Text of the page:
Wednesday 26 July 2017

Security experts probe possible cyber attack links with North Korea

North Korean leader Kim Jong-un. Photo: Reuters
North Korean leader Kim Jong-un. Photo: Reuters
Eilish O'Regan

Eilish O'Regan

The cyber attack which threatened computer security across the globe, including Ireland, may have links to North Korea.

Security experts are examining if the WannaCry ransomware virus is similar to malware distributed by Lazarus, a hacking group behind attacks on Sony Pictures in 2014 that were linked to North Korea.

Researchers from global cyber security company Kaspersky Lab, whose European headquarters is in London, identified clear code similarities between the WannaCry virus and attacks by Lazarus in 2015.

"The similarity, of course, could be a false flag operation," it said.

"However, the analysis of the February sample and comparison to WannaCry samples used in recent attacks shows that the code which points at the Lazarus group was removed from the WannaCry malware used in the attacks started last Friday."

The ransomware virus crippled the computers of a HSE-funded agency in Wexford but it was isolated and brought under control.

The wider health service here has withstood any damage, although the systems of major hospitals were in its sights.

The HSE carried out a reboot of its servers across the network yesterday afternoon to activate additional security updates designed to shield computers against the WannaCry ransomware virus.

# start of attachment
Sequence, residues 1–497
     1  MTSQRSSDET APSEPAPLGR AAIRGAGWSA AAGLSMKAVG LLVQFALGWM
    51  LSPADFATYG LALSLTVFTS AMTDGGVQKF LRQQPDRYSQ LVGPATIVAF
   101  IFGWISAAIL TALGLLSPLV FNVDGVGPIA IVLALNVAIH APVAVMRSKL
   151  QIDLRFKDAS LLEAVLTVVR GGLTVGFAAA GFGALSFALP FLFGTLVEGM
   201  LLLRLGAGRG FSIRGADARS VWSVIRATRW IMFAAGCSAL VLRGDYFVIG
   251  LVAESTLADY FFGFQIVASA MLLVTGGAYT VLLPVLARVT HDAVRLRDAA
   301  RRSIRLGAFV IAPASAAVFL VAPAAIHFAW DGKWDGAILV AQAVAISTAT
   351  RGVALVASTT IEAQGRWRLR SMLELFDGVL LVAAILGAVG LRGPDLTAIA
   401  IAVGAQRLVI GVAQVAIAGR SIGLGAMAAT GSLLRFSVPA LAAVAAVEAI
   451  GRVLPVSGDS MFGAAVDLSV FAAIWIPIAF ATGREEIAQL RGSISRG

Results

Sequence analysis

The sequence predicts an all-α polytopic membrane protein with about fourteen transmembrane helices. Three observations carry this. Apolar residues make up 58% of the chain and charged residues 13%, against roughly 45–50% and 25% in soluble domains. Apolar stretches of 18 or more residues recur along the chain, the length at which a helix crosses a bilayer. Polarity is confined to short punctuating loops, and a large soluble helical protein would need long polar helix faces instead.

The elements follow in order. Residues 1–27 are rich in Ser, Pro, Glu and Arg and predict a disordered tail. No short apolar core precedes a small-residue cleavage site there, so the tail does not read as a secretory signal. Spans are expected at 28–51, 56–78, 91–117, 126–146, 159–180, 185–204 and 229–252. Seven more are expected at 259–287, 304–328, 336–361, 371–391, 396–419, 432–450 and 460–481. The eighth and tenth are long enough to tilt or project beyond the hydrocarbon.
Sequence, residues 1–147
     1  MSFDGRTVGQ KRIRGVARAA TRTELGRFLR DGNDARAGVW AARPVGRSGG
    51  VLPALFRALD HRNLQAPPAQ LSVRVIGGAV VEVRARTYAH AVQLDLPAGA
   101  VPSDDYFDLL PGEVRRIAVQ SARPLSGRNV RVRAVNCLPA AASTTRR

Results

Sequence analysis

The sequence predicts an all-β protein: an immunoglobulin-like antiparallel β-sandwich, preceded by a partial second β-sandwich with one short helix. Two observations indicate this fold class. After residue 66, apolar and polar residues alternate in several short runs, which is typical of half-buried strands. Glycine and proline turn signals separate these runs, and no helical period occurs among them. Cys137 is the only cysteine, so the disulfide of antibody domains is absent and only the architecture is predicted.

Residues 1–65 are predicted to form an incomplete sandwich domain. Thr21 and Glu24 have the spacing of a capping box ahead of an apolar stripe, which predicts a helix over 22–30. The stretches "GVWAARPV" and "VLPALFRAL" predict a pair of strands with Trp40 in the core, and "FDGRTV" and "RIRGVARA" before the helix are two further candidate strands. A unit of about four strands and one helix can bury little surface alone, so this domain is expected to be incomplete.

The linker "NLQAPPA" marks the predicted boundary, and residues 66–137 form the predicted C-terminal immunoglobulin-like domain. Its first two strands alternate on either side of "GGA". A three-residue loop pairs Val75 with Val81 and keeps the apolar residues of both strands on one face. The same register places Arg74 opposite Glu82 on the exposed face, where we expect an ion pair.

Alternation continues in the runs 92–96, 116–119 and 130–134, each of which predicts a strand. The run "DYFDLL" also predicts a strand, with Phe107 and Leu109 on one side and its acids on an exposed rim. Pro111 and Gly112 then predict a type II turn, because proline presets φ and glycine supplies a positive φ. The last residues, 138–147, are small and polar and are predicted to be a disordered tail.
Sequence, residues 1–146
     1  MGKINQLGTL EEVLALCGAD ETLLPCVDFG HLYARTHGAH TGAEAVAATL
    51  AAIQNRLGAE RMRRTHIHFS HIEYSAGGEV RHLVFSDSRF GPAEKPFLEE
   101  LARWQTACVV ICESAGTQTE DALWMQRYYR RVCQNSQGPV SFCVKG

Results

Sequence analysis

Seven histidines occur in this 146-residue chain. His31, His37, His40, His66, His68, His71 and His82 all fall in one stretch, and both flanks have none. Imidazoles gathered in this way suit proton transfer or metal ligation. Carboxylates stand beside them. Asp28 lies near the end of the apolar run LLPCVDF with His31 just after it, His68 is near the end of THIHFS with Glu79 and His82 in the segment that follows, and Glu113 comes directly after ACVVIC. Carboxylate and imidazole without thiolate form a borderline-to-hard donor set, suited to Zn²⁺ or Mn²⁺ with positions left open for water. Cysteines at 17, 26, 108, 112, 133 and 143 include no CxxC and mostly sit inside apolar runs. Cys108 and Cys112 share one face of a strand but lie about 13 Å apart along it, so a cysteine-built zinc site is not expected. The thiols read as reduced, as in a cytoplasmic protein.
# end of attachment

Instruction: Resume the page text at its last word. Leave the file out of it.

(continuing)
HSE chief information officer Richard Corbridge said more than 1,200 servers across the network were rebooted.

Patient care was protected during the process, he added.

HSE internal email, which was down since the weekend as a precaution, has been restored. It is expected to resume receiving inward emails from today.

He said there had been "no reports of any additional suspected cases of the ransomware attack".

More than 300,000 computers in 150 countries have been infected with the WannaCry ransomware virus since the attack, crippling organisations from government agencies and global companies.

The NHS in the UK was also badly affected, with 47 trusts in England and 13 Scottish health boards compromised when the virus targeted computers with outdated security.

The Revenue Commissioners in Ireland said yesterday it had not been targeted by the cyber attack in recent days.

A spokeswoman said: "Revenue takes the security of our systems very seriously and extensive information in this regard is provided here on our website. In relation to the recent cyber attack, all Revenue systems are protected, and the relevant patches had previously been applied.

"Security across all Revenue systems is constantly monitored."

She added by way of advice to the public: "Revenue does not recommend sending personal or confidential information by email.

"Email is sent via public networks, and can be intercepted and read unless it is protected with encryption. Revenue cannot guarantee that personal data, sent in plain text via standard email, is fully secure.

"Customers who choose to use this channel are deemed to have accepted any risk involved.

"MyEnquiries is the fully secure alternative online communication method offered by Revenue."

The Cabinet discussed the need for investment in cyber security yesterday.

Irish Independent

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